In the second half of November, intense armed conflict continued in the North-West and the South-East driving further displacement, with a continued deterioration of the security situation and considerable impact on civilians in Chin State and Sagaing and Magway regions. Approximately 267,500 people have now been displaced internally in Myanmar since the military takeover on 1 February 2021, representing almost 20 percent increase since the beginning of November. While new displacement is reported in most regions with small scale returns, the increase in displacement figures is largely due to the availability of additional data, particularly from Sagaing Region.
In South-East Myanmar, the situation remains tense due to clashes between the Tatmadaw, ethnic armed organizations (EAOs) and the People's Defence Force (PDF), with reports of killings of civilians, arbitrary arrests, explosions and landmine incidents. Displaced populations continue to face significant challenges in accessing basic needs and services, in particular food, healthcare, shelter materials and winter clothing. In the North-West, Chin State's Thantlang remains the epicentre of violence with reports of burning of some 300 houses and religious sites. Shortages of food, as well as fuel and medical supplies remain a concern for the displaced and the host communities.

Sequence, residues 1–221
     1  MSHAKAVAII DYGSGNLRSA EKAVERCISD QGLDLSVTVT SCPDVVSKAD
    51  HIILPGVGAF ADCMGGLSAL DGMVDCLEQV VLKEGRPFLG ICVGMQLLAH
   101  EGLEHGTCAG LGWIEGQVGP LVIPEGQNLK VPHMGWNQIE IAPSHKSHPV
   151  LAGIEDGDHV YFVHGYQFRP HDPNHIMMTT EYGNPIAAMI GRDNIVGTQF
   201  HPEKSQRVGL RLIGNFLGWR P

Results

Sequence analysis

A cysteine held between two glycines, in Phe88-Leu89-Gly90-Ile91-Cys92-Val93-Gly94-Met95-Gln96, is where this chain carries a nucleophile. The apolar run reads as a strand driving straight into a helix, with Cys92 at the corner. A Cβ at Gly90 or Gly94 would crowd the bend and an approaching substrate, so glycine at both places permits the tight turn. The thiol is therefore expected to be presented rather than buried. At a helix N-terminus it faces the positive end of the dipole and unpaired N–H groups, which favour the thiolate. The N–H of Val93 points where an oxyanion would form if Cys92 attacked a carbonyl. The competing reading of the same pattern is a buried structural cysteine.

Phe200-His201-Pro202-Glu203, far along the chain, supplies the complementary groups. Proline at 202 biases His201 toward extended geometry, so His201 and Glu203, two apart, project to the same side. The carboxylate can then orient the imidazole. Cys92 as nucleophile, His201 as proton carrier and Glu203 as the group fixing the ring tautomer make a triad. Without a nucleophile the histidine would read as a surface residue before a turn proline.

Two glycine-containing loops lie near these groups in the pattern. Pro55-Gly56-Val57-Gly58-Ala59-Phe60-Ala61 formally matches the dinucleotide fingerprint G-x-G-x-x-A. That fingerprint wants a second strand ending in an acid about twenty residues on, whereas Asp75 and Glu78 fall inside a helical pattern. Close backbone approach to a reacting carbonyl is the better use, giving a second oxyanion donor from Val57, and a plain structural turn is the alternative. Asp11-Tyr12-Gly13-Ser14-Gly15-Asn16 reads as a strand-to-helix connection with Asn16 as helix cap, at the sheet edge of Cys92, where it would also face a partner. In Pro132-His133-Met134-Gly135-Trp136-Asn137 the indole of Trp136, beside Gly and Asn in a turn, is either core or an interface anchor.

Situation in Rakhine State remains tense with fighting having sparked in the northern part of Maungdaw Township. Communities continue to face socio-economic difficulties owing to the rise in commodity prices and the impact of COVID-19 prevention measures. While return movements have increased from areas of displacement by AA-MAF conflict, the vast majority remain in displacement.
Despite declining COVID-19 positivity rates, the overall pandemic situation remains of concern across the country, particularly given the limited response capacity and poor health infrastructure.
Source: UN Children's Fund